Chapter

Induction and Consistency

Henry E. Kyburg

in Common Sense, Reasoning, and Rationality

Published in print February 2002 | ISBN: 9780195147667
Published online February 2006 | e-ISBN: 9780199785865 | DOI: http://dx.doi.org/10.1093/0195147669.003.0004

Series: New Directions in Cognitive Science (formerly Vancouver Studies in Cognitive Science)

 Induction and Consistency

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This chapter addresses the question of how a reasoning agent comes to accept conclusions that are based on inductive or uncertain inference. This is an important matter for plausible inference, particularly given the groundwork laid earlier in this book that puts induction at center stage for both common sense and rationality. Two approaches to uncertainty in dealing with such matters are considered. One is the Bayesian approach, which holds that observations or evidence is incorrigible, while all other statements have an associated number that indicates their degree of uncertainty. The other is a nonmonotonic approach, which supposes that people come to accept statements tentatively and that we might reject them when more evidence is collected. It is argued that the Bayesian reconstruction of induction is misguided both in its assumption that evidential statements are certain and in its attempt to avoid nonobservational acceptance. There is a way of casting the nonmonotonic approach in terms of probability intervals, which allows for the association of a level of error or uncertainty with individual statements and the recognition that the conjunction of all such statements is false, while still supporting the acceptance of each individual statement. Although the cost of this acceptance approach is that sometimes mistakes will be made, it is more realistic psychologically and more efficient computationally as a representation of rational inference.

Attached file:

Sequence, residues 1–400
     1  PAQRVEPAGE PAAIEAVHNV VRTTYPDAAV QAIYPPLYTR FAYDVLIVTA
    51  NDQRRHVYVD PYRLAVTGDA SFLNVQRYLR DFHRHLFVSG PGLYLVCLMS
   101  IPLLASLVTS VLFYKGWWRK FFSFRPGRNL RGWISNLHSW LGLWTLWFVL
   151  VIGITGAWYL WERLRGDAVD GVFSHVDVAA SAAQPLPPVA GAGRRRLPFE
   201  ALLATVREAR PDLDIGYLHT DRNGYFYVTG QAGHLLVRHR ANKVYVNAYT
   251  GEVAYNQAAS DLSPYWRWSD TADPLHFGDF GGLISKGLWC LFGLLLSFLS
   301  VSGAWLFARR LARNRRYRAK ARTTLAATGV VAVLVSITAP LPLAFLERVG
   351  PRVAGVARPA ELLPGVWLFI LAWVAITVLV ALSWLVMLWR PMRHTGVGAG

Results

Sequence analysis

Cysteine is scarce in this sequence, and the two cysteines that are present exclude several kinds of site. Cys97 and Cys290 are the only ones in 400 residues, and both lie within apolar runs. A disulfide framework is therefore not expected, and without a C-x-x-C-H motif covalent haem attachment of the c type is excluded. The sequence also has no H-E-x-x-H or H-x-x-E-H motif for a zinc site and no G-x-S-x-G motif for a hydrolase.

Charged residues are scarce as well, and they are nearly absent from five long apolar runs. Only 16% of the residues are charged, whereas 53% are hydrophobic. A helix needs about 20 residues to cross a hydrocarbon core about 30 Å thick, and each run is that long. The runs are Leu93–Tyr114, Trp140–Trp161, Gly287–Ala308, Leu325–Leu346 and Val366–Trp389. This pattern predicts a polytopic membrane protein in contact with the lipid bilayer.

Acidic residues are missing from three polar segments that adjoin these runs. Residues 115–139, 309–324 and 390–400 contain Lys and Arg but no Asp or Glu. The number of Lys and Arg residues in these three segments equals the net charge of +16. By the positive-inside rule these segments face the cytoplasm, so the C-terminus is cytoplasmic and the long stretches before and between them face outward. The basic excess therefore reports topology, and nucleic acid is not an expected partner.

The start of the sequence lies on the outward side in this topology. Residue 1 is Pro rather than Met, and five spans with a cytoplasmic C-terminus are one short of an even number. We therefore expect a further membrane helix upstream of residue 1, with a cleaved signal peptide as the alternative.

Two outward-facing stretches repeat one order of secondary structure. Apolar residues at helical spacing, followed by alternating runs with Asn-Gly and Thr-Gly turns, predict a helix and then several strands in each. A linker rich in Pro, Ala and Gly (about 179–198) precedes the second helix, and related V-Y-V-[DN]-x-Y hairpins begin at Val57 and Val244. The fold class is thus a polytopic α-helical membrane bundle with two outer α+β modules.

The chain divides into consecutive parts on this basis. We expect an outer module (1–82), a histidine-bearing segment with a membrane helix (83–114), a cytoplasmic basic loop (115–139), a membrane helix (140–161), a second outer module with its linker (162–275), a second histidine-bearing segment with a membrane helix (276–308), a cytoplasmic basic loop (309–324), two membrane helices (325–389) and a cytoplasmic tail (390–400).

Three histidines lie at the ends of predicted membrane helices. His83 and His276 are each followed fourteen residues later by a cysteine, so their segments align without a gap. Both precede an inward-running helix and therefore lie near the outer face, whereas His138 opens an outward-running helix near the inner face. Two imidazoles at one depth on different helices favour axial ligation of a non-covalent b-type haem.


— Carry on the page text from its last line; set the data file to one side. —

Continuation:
Keywords: inference; Bayesian approach; nonmonotonic approach; acceptance approach; nonobservational acceptance

Chapter.  7563 words. 

Subjects: Metaphysics

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